Unbelievably, it turned out to be that very Red Cross footage.

CB: We bought it for $100. It arrived in a rusty old tin, with “remember Pearl Harbor” written on it. And it was nitrate film, so it was delicate and highly flammable. We thought it might fall to pieces.

WG: But it was perfect!

CB:  What are the chances of that? On eBay of all places?

Sitting alongside this serendipitous footage, are interviews with major figures in Australian music, including Richard Bonynge, and a few surprise appearances.

WG: Ita Buttrose is also involved in this story! In 1951 Marjorie decided she wanted to write her autobiography. Charles Buttrose, Ita’s dad was a New York reporter at the time and he offered to be her ghost writer, for a one-off fee. So he wrote Interrupted Melody, and then MGM picked it up, made an Academy Award winning movie, and he didn’t get any royalties! Ita was great. She was so enthusiastic: like a young girl, talking about her dad. And then there was the other miracle.

CB: Which one? There were so many miracles! So who to narrate? Wayne had done the rough cut, but we wanted a female to represent Marjorie’s character, and we knew we needed a celebrity. Wayne always reaches for the top shelf so he said, ‘What about Dame Kiri Te Kanawa?” Well, have you got her number??, I laughed. But you leave him alone for a few days, and then he tells you he’s managed to get in contact with her. She’d watched the rough cut of the film and decided she’d love to do it. She’d just come back to New Zealand, but luckily we had that blessed travel bubble in May. So off we went on our little adventure.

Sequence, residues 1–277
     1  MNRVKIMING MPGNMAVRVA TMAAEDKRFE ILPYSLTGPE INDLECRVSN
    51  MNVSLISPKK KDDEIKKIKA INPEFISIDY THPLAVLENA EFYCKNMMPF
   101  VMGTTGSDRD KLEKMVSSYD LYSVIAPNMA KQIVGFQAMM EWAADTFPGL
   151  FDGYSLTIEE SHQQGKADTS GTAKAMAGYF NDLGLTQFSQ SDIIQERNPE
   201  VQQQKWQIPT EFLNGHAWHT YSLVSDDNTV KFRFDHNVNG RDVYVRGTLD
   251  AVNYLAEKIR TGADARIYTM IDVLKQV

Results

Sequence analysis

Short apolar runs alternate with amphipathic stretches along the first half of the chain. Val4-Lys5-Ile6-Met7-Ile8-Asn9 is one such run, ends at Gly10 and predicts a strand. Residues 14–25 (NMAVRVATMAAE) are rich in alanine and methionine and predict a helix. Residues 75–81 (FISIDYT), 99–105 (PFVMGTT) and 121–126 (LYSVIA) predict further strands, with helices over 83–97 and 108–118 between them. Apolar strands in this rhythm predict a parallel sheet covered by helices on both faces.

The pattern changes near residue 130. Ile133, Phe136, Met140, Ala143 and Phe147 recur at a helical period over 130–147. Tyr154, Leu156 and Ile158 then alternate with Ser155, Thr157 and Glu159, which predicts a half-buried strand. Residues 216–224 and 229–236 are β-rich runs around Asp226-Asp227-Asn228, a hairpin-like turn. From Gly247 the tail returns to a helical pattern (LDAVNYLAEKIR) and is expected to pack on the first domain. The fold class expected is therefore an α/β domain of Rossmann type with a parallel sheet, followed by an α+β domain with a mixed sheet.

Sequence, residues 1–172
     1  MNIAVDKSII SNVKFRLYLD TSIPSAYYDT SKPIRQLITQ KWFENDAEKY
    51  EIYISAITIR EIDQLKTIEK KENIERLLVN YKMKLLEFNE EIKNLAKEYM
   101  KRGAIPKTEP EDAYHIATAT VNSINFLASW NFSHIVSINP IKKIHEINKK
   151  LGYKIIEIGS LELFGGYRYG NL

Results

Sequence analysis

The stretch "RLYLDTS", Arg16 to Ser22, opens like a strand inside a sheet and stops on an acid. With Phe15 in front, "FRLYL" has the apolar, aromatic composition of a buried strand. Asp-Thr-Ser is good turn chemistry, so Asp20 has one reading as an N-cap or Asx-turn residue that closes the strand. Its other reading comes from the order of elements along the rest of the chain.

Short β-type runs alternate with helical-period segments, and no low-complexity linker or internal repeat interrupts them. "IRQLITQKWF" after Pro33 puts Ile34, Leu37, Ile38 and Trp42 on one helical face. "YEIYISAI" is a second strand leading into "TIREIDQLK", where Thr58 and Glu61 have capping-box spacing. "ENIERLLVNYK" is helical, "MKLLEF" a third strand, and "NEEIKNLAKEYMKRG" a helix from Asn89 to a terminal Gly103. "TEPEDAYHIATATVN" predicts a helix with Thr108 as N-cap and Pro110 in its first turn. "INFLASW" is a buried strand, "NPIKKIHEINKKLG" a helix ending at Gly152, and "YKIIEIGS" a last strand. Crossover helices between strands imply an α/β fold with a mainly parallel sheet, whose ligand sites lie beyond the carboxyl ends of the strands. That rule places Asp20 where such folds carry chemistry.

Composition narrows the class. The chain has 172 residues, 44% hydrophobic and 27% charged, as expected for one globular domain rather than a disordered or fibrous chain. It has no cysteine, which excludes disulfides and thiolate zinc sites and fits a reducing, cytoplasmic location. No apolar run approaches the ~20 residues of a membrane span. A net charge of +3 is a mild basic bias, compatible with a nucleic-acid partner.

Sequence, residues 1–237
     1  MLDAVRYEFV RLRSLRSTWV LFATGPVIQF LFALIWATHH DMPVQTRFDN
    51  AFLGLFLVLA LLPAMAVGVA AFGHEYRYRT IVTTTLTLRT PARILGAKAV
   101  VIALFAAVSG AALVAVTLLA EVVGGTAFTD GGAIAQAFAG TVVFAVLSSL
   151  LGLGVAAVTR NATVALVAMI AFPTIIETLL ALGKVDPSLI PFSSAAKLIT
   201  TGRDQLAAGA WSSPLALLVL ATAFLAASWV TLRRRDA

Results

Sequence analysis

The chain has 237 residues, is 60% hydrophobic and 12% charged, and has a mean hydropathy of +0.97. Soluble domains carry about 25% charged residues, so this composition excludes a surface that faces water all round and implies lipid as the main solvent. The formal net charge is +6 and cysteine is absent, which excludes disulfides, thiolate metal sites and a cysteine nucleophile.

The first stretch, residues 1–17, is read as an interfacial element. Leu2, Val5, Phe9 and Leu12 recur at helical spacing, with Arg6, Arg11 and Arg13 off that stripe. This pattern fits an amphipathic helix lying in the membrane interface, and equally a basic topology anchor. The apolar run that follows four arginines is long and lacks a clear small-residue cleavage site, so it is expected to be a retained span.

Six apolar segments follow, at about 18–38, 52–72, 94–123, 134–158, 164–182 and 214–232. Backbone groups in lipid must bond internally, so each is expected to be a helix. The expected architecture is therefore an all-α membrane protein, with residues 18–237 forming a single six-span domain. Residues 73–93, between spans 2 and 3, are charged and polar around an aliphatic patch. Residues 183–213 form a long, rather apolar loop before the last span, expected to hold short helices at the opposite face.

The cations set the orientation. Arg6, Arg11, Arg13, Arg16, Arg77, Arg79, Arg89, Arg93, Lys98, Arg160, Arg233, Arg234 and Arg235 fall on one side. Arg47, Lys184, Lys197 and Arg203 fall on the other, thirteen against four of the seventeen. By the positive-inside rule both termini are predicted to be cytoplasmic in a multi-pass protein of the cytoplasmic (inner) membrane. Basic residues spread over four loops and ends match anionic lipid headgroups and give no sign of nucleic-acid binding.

WG: She was just sweet as pie and was so enthusiastic. She really brought something to the whole film.

CB: When she first watched the film said, “I’d never heard of Marjorie but I couldn’t believe the parallels of our lives”. She understood Marjorie’s journey which is why she added so much to it.

The World at Her Feet has secured national distribution through Sharmill Films.

CB:  It was just a perfect fit with them having the Met [opera] screenings. It’s been fun having someone else doing distribution for us, because in the past it’s just been us.

WG: And we finally had the premiere in Winchelsea last Saturday. 130 people turned up and so they were sitting in the Globe Theatre while they were seeing Marjorie come home in 1939 to the Globe Theatre. They loved it!

The process of making this film has clearly become a kind of love story between Wayne, Carolyn, and Marjorie.

WG: I fell in love with Marjorie. What an extraordinary human being. And it’s a puzzle why she’s not up there with Nellie Melba or Joan Sutherland.

Mayhap, this labour-of-love will be the vehicle for bringing this extraordinary woman to more prominence.

The World at Her Feet has its World Premiere this Sunday at Palace Nova Eastend and opens nationally on December 16th.

Click here to book tickets.

Wakefield Press are re-releasing Wotan’s Daughter, with a new forward by Wayne Groom. Click here for details.